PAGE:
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Authors: Sheila O'Flanagan

From The Heart (8 page)

BOOK: From The Heart
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Would I betray him?
I hadn’t thought I’d betray Aidan. But what did he expect with his late nights and his other women? What did he think would happen? That I’d sit at home and forgive him every single time?
‘We got a message earlier,’ said Aidan. ‘From the twins. Wishing us a happy anniversary.’
I swirled the wine in my glass again. I could smell the black fruit and pepper aromas of the shiraz.
‘They’ll be in debt for the rest of their lives.’ I didn’t look up from the glass.
‘They wanted us to remember this trip,’ he said. ‘It was good of them.’
‘We should have told them to keep their money,’ I said.
He put his own glass back on the table.
‘This isn’t what you wanted, is it?’ He sounded sad.
‘It’s lovely,’ I said, ‘but no.’
‘It wasn’t what I wanted either.’
We never talked, Aidan and me. Not about ourselves. Not about what we wanted or what we felt. We talked about the children. We talked about his job. We talked about the house. But not about each other.
He was balding. I’d noticed it over the last few years but it was only now I realised how high his forehead had become. How it had actually merged into the crown of his head. And how grey his hair was. So was mine, of course, but I camouflaged it with a salon dye every five weeks.
He’d had three women. I’d only ever had him. Until Brett.
‘The grass is always greener,’ he said.
I looked up at him, startled.
‘You think that something will be better, more exciting, will give you what you’ve always looked for. But it doesn’t.’
‘No?’
‘We did good with the kids. Both of us.’
I nodded.
‘We didn’t do so well with each other.’
There was a lump in my throat.
‘I wasn’t always the best husband.’
I said nothing.
‘And maybe it’s not to my credit that I never left. Maybe it would have been a fairer thing to do.’
Still I said nothing.
‘I didn’t stay because of the kids, though. I stayed because of you.’
A bit late, I thought, to throw that one at me. I’d been devastated each time I’d found out about another woman.
‘I made excuses for myself,’ said Aidan. ‘I told myself that I’d been trapped into a marriage that I didn’t want. That I’d been too young. That life had played a dirty trick on me.’
‘I didn’t have that luxury.’ I regained my voice. ‘I was too busy to find someone to make excuses about.’
He nodded. ‘But no matter what,’ he said, ‘it was a good twenty-five years.’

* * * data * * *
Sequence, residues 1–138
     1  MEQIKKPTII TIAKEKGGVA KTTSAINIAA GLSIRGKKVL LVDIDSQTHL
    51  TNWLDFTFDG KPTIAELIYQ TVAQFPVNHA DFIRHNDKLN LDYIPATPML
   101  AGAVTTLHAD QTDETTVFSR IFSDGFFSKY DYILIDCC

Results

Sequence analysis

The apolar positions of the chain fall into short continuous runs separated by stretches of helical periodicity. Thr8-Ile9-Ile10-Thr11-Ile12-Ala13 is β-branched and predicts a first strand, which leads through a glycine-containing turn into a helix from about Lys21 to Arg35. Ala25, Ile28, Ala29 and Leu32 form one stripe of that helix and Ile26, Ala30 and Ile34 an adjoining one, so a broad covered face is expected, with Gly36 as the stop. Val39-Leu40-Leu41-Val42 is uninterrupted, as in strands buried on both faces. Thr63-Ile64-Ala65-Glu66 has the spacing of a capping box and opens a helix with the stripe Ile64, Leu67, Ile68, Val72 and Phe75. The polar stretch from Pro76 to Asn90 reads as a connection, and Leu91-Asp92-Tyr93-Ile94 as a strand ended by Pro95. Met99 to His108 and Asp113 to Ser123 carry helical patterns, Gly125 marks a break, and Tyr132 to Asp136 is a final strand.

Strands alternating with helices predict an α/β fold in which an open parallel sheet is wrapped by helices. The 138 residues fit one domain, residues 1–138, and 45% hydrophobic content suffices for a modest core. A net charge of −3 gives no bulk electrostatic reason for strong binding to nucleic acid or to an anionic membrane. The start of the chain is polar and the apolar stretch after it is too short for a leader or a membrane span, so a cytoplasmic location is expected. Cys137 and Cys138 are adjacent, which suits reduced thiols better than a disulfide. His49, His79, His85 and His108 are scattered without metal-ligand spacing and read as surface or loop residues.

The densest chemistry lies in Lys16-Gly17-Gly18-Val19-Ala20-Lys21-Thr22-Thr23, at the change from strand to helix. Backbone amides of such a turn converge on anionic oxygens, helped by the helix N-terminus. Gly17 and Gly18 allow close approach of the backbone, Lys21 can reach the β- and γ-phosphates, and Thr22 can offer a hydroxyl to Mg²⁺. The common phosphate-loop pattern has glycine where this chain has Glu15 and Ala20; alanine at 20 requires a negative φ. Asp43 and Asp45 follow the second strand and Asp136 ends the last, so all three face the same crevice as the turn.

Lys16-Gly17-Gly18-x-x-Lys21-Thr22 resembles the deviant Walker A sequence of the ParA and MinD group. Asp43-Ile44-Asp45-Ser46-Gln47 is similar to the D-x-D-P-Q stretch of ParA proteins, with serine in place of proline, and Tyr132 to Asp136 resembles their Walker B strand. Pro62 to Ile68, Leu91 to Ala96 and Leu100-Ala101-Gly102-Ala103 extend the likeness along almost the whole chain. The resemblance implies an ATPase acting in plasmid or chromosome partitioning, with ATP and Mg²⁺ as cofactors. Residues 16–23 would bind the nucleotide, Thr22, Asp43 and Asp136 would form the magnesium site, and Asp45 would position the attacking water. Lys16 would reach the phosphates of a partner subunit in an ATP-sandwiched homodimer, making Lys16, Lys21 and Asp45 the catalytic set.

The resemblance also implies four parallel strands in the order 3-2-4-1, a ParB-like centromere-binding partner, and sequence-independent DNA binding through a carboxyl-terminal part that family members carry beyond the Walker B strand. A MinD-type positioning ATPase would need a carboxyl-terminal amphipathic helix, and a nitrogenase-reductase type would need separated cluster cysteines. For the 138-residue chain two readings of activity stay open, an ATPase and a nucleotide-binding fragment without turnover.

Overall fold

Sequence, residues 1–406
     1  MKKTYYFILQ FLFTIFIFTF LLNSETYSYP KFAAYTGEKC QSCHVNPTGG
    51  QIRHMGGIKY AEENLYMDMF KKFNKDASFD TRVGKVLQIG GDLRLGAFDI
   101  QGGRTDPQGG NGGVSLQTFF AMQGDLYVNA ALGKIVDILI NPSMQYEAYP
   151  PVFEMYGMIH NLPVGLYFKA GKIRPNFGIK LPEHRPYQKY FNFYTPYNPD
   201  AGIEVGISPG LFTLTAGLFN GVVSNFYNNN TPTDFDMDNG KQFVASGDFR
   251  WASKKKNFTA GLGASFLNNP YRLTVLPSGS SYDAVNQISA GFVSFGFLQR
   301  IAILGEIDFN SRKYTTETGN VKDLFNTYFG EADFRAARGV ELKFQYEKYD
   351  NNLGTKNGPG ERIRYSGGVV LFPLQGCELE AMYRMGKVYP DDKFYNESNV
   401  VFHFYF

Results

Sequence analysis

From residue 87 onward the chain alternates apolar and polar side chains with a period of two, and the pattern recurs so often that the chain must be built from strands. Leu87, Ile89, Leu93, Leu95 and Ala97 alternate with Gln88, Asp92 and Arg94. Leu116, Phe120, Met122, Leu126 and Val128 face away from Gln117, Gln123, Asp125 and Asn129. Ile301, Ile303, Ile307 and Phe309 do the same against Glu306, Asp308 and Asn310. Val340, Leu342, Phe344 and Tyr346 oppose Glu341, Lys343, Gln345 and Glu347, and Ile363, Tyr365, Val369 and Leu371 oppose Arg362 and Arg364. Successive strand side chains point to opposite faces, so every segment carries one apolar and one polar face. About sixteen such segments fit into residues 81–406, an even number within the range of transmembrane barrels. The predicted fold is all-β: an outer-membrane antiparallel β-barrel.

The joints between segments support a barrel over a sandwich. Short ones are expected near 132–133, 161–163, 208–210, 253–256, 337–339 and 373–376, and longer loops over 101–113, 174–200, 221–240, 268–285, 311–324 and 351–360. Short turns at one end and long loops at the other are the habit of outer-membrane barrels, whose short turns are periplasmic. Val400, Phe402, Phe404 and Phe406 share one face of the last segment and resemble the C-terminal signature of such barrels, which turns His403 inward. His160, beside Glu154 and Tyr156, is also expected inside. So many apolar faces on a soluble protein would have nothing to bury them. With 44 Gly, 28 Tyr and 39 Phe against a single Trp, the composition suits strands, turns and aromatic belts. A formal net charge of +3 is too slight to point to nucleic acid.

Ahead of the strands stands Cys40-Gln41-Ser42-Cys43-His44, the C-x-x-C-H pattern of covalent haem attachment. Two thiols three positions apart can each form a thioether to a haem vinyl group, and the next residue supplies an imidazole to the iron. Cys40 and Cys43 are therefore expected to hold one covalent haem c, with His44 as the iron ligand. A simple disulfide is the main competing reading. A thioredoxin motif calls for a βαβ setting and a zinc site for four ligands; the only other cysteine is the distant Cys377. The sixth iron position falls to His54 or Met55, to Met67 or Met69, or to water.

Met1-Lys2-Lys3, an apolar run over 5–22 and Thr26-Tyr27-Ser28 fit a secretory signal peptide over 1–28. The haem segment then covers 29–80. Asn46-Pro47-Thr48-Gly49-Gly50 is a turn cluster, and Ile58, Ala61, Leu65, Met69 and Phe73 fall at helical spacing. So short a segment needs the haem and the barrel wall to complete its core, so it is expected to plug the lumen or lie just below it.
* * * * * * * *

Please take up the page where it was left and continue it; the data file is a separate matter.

‘You think so?’
He nodded again. ‘I loved you. I didn’t think I did at first. But later . . . I loved you.’
But sometimes it isn’t enough. I was going to say that to him but I didn’t, because if I said it about Aidan I should also say it about Brett.
‘Do what you have to do, in the end,’ he told me. ‘But enjoy this holiday now.’
‘How do you know I’m thinking of doing anything at all?’ I asked.
‘We’ve been married for twenty-five years,’ he said. ‘More than that, really, when you count the registry office. Of course I know things.’
I smiled faintly.
‘So consider this a little time out,’ he told me. ‘From whatever.’
‘You’re being very calm.’
‘I always am,’ he said. ‘Doesn’t mean I don’t feel things.’
‘What do you want from me?’ I asked.
‘I want you to pretend that we’ve only just met,’ he said. ‘That it’s the first time all over again.’
‘I can’t do that,’ I said.
‘I want you to make love to me in a boat.’
I looked at him in surprise.
‘There’s one tied up to the jetty.’
‘I know. But . . .’
‘Or in the hammock near the beach.’
‘Aidan . . .’
‘I want you to believe me when I tell you that there’s never been anyone else.’
‘Don’t lie to me,’ I said.
‘Never anyone else who mattered.’
He’d never talked to me like this before. Brett talked to me like this all the time.
‘Can we save it?’ he said.
‘I don’t know,’ I told him.
‘I want to try.’
I never thought I’d hear him say that. And I thought of my friend Madge whose first husband had broken her heart. She’d married the second one for his money. ‘Love is for fools,’ she’d said.
I know why love is for fools. Because it makes us do foolish things. And sometimes we don’t know what we really want.
‘The thing is,’ said Aidan, ‘we’re here on this island. We might as well enjoy it. Regardless of what happens when we get home.’
‘You think so?’
‘Why not?’ he said. ‘What’s the point in being miserable?’
I smiled a little.
‘So . . . we pretend?’
‘If that’s what it takes.’
‘OK,’ I said.
We should never have got married. And yet it hadn’t been the worst mistake of my life. Maybe I hadn’t actually made the worst mistake of my life yet. Maybe I’d never make it. I really didn’t know.